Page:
How many stupid Republicans does it take to blow a slam-dunk election?
It is high time we heard from our military commanders.
How can the moderators at tonight’s GOP debate avoid the thrashing handed out to the CNBC crew? First and foremost, ask the right questions – questions about the economy that will allow the candidates to lay out their plans for the future of the country. Each brings individual perspectives and backgrounds; each has proposed policies that should stimulate intelligent discussion. Here are eight questions, tailored to the candidates’ campaigns that should spark a lively conversation.
For Donald Trump: You have often suggested that China has stolen American jobs by undervaluing their currency and not abiding by trade rules. In a Trump presidency, you have promised to eliminate those practices by slapping hefty tariffs on Chinese imports. Doing so would undoubtedly raise the prices Americans would pay for clothing, toys and appliances. Walmart, for instance, claims to have saved American consumers billions of dollars on apparel and other goods they have imported from China. How would you explain to the country that higher prices are in their best interests?
Related: Rare store sales data highlights Wal-Mart’s China challenge
For Ben Carson: It is well known that a very high percent of a person’s lifetime medical costs are incurred in their last year. Should this reality lead to changes in how we treat the elderly or the terminally ill, given that fast-rising health outlays will put increasing pressure on the nation’s fiscal outlook?
For Marco Rubio: You have spoken often, and from personal experience, about the financial challenges facing young families who struggle to pay off student loans. How can we make it easier for students to pay off their debts, and how can we shrink the trillion-plus dollars of outstanding student loans without placing an undue burden on taxpayers?
For Carly Fiorina: No one on this stage understands the labor needs of our thriving tech industry better than you do. Could you please give your opinion of the H1B visa program, and whether we need to import engineers and other highly trained individuals to help provide workers to Silicon Valley? Are tech giants that want the visa numbers increased simply trying to lower labor costs, as some have charged? Or do we really face a shortage of specialists in key occupations?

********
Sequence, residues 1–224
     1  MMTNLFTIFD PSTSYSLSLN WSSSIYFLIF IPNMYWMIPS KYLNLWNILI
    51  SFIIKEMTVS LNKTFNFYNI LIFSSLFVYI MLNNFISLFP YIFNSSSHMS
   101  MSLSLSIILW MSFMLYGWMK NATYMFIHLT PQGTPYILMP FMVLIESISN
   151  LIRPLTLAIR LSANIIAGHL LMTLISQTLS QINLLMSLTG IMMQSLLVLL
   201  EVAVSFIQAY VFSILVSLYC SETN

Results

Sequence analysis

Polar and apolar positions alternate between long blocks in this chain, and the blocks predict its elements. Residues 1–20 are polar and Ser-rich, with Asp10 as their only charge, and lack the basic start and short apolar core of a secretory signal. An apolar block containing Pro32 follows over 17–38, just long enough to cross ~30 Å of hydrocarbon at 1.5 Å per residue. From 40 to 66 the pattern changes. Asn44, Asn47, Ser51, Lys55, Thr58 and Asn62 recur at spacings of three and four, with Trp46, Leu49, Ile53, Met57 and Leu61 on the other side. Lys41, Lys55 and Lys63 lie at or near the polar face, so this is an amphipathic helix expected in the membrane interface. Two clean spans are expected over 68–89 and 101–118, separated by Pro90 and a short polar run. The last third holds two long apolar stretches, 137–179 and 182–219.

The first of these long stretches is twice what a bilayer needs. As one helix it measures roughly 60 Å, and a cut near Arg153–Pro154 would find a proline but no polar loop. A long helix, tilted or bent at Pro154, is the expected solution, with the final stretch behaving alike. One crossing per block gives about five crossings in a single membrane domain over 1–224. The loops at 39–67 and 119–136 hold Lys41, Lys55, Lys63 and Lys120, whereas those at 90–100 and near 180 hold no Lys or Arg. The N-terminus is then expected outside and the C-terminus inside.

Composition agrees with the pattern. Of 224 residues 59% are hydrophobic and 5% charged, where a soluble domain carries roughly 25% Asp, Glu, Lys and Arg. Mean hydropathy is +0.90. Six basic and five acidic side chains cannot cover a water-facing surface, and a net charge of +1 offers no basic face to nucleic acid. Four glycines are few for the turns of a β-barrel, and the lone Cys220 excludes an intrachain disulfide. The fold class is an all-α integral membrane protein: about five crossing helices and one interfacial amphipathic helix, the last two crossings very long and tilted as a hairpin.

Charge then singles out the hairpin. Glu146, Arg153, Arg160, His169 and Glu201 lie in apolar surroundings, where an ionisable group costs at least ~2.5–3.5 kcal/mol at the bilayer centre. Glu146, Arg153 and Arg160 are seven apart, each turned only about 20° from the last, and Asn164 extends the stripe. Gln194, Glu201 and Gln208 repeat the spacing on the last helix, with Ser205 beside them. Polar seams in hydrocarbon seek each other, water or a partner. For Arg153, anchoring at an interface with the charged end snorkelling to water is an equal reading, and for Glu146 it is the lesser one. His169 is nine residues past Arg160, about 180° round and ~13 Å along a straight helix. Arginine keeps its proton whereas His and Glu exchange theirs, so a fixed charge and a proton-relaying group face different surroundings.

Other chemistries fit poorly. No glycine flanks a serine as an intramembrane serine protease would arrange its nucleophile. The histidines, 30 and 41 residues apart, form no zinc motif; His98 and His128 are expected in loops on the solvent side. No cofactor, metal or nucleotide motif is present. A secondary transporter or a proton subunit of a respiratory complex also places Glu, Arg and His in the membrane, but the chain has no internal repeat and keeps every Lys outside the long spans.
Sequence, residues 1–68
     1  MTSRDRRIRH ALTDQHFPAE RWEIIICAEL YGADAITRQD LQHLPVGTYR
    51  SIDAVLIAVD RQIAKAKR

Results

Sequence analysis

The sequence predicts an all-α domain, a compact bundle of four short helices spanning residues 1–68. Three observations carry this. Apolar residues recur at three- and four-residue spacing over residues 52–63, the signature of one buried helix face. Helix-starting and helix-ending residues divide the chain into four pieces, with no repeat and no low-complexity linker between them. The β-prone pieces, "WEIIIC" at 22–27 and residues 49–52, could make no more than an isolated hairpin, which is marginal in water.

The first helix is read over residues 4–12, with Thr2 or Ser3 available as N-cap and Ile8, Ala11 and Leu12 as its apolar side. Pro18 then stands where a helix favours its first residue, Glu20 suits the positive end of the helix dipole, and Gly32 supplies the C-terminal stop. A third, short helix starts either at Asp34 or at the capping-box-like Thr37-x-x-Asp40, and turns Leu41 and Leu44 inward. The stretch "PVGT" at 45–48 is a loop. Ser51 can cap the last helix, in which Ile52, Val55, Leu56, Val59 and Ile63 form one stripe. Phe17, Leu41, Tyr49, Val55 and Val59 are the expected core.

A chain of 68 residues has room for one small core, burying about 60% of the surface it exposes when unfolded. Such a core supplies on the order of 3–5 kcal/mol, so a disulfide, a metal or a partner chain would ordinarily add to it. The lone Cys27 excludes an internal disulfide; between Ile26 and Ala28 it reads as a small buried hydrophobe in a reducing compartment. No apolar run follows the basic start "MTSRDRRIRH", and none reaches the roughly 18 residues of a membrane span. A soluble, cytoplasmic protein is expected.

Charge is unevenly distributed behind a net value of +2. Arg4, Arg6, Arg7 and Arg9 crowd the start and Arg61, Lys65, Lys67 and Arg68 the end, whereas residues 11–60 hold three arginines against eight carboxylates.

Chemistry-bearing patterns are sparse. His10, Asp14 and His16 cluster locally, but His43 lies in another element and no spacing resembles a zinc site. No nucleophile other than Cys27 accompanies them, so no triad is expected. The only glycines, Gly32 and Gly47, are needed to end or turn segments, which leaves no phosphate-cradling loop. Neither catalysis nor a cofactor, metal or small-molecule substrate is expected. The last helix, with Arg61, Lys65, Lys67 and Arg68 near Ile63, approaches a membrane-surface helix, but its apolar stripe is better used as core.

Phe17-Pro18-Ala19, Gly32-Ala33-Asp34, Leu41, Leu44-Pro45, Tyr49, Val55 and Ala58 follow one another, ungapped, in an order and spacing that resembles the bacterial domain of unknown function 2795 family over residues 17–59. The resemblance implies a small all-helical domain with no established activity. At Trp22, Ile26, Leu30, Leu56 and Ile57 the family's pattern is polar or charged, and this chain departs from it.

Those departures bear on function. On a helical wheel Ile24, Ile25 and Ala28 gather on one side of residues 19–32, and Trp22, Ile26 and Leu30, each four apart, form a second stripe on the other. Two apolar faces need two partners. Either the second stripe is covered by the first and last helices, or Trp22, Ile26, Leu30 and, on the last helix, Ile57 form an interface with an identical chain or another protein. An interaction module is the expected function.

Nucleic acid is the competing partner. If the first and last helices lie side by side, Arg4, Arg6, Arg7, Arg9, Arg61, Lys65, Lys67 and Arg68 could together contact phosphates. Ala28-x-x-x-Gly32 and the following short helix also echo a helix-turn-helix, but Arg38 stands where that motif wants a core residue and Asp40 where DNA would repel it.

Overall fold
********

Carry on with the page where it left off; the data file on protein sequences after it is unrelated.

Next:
For Jeb Bush: Your tax plan would free an estimated 15 million Americans from paying income taxes. That would swell the number not paying income taxes to about half the population – up from roughly 40 percent now to some 81 million Americans. How do you convince the half the country that is paying all the income taxes that their burden is fair?
For Rand Paul: You have repeatedly called for an audit of the Federal Reserve. Since the Fed is actually audited each year, what other information are you looking for? You have gone so far as to say “The Fed’s out to get us?” What does that mean exactly? What do you expect or hope to find out about our central bank?
For John Kasich: You have talked about the enormous waste in healthcare spending, and about reforming Obamacare. What three changes would be critical in a redo of our healthcare plan? How would those changes improve the care given to Americans? What are some private sector “fixes” that you might adopt to make the system more responsive and efficient?
Related: What Happens When Political Ideology Costs U.S. Jobs?
For Ted Cruz: You have led the fight against the Export-Import Bank, saying it is an example of crony capitalism. Since taxpayers actually receive money from the Ex-Im Bank – it being one of the few agencies that are money-makers—what exactly is your objection? Ex-Im assists small companies trying to do business overseas, and also helps large corporations like GE that tend to pay top-dollar salaries and benefits. What’s wrong with providing both large and small companies the same type of assistance that other countries give our rivals around the globe?
Hopefully, such questions will focus the candidates’ energies on making their case before the American people, and distract them from grinding each other into birdseed. We understand that for some, the temptation may prove too great. Sadly, that’s what makes for good ratings, if not for a constructive primary season.